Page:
Cuarzo Producciones’ Juan Ramón Gonzalo

Juan Ramón Gonzalo, Cuarzo Producciones’ managing director, talks to TV Real about the appeal of true crime and what makes Cuarzo’s productions unique in the factual space.

True-crime documentaries continue to fascinate viewers around the world with portrayals of stranger-than-fiction mysteries that captivate the imagination. Cuarzo Producciones, part of Banijay, has recently garnered much success with its true-crime docs, namely The Man Without a Heart and Where is Marta?, which ranked sixth globally on Netflix’s most-watched non-English-language series.

From conspiracy theories and cutting-edge forensic technology to cultural ***Image***sensibilities and careful handling of the subject matter, Gonzalo says that the most important thing in making these types of productions is respecting and supporting the family as they seek to find closure.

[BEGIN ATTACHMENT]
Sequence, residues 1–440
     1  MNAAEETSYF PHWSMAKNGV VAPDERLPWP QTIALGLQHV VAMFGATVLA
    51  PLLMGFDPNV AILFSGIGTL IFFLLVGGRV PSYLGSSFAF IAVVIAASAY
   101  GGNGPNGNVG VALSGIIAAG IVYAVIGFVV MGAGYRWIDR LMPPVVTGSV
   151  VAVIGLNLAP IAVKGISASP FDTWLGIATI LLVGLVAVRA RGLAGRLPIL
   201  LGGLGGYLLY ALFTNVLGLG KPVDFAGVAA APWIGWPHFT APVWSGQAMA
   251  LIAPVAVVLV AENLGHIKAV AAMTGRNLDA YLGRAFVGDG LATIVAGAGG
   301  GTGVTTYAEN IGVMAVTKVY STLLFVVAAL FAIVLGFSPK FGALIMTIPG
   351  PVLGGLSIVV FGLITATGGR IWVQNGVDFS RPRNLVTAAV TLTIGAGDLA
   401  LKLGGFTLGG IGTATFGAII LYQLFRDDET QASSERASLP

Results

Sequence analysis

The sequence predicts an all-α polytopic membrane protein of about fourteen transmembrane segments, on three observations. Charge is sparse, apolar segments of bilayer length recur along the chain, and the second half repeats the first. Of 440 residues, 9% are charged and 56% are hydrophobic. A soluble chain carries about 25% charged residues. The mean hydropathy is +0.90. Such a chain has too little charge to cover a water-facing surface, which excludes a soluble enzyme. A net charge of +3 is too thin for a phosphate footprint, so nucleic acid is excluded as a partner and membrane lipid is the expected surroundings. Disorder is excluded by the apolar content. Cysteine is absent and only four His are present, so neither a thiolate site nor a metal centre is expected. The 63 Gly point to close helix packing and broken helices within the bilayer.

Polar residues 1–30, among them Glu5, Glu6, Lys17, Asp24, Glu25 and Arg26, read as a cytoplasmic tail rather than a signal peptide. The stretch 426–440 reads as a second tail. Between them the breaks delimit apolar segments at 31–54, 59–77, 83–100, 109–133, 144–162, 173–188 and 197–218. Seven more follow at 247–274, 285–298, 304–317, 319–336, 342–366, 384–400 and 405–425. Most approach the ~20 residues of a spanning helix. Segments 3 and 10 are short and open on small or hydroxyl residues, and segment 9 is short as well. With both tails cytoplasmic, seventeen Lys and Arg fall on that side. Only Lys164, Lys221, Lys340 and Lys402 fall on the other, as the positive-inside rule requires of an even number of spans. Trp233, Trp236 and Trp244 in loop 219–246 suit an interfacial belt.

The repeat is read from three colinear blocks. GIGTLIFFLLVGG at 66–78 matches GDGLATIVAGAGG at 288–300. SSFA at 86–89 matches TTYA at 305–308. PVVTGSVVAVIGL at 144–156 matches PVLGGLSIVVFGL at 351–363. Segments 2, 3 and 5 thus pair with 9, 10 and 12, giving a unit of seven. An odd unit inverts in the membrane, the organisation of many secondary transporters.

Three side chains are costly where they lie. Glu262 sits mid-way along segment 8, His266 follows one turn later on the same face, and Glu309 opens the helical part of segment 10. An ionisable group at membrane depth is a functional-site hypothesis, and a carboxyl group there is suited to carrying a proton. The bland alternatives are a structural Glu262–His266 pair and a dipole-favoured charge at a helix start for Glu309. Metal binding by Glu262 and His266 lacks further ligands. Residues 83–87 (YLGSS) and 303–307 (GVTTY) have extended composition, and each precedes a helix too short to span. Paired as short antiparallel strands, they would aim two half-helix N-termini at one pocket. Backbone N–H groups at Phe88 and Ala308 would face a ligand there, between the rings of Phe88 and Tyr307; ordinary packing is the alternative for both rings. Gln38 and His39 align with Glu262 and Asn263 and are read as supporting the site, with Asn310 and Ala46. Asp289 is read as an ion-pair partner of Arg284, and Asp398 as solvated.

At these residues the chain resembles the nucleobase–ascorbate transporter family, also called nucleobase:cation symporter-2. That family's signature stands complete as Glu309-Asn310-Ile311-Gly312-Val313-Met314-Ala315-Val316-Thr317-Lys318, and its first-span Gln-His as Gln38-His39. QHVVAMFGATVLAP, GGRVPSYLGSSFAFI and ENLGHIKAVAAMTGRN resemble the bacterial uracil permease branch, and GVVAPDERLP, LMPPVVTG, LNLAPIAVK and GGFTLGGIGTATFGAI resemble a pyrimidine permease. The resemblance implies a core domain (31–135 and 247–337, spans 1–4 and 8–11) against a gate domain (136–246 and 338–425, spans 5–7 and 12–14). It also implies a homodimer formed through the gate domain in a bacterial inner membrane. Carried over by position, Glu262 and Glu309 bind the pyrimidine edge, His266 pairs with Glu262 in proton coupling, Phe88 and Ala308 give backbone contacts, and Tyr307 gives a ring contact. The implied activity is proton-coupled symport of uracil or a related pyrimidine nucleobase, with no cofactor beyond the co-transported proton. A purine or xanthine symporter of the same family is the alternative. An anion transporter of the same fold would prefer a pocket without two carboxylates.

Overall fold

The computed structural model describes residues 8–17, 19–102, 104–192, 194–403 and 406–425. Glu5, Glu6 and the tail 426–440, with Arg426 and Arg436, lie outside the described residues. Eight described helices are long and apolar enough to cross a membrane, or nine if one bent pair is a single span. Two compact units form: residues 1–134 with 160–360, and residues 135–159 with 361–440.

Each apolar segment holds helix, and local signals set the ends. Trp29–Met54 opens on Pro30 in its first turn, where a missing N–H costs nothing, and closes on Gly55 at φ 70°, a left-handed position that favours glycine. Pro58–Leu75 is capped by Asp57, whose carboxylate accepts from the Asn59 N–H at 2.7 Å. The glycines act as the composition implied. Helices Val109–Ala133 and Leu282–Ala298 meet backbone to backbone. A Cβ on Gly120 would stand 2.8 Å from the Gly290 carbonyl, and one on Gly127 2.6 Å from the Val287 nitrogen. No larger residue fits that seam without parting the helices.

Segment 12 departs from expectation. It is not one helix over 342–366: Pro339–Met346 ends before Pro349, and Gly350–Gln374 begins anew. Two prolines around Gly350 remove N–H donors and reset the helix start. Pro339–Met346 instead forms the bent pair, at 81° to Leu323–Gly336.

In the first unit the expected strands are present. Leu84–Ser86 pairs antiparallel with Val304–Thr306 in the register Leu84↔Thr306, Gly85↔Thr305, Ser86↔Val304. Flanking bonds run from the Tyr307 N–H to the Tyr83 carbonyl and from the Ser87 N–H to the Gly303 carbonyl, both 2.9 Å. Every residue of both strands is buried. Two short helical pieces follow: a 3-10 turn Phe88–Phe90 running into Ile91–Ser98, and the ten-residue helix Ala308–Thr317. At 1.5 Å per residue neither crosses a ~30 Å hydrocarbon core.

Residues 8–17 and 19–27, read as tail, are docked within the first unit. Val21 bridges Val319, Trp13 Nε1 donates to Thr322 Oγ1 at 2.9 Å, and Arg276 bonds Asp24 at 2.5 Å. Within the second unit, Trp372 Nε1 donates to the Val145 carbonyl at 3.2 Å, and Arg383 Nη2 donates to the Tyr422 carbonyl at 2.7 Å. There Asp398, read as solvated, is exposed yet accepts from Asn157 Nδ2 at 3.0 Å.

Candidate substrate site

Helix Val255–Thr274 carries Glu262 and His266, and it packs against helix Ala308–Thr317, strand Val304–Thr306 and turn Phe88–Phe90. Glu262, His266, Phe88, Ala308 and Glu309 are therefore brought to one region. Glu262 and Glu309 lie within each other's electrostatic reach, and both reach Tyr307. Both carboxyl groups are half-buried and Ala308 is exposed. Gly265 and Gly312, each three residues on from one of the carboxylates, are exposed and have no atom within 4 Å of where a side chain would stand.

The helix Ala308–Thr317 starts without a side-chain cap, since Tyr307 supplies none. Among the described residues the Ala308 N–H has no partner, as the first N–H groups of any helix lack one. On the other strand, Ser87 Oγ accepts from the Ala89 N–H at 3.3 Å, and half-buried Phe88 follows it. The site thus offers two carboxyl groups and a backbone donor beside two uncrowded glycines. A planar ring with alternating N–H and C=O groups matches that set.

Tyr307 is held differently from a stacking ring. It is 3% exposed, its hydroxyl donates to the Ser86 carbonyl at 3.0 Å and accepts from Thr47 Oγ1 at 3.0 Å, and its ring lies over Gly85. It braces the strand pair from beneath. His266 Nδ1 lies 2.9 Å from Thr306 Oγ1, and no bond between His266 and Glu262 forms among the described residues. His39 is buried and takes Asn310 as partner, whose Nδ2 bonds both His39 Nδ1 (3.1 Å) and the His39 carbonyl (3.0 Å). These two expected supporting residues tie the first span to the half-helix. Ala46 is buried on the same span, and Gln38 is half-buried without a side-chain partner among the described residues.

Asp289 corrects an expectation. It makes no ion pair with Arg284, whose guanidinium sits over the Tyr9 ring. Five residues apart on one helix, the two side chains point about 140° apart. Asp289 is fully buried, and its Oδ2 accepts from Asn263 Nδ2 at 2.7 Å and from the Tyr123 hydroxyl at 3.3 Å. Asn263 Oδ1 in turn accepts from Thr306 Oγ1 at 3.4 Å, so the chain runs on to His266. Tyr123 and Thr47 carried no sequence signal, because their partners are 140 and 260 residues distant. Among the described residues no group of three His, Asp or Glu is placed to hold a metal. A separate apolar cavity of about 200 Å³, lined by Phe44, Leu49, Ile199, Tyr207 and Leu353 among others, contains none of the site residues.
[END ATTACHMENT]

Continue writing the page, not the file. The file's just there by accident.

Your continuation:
TV REAL: What appealed to you about The Man Without a Heart?
GONZALO: I was attracted to the case itself. It was something we were aware of, but it had certain ingredients that were unique and different from other cases. We managed to get support from the victim’s family, from the victim’s sister. It’s vital that we have the family’s support if they want to take a step further [into the investigation].

The case is truly exceptional because it deals with a man who goes on a trip from Spain to Sweden. His sister later receives a call informing her that he’s been found dead. The details, however, are quite strange. Apparently, he drowned in a fjord, but he had a copy of his ID on him in perfect condition. If he had been in the water for so long, how could it not have been damaged?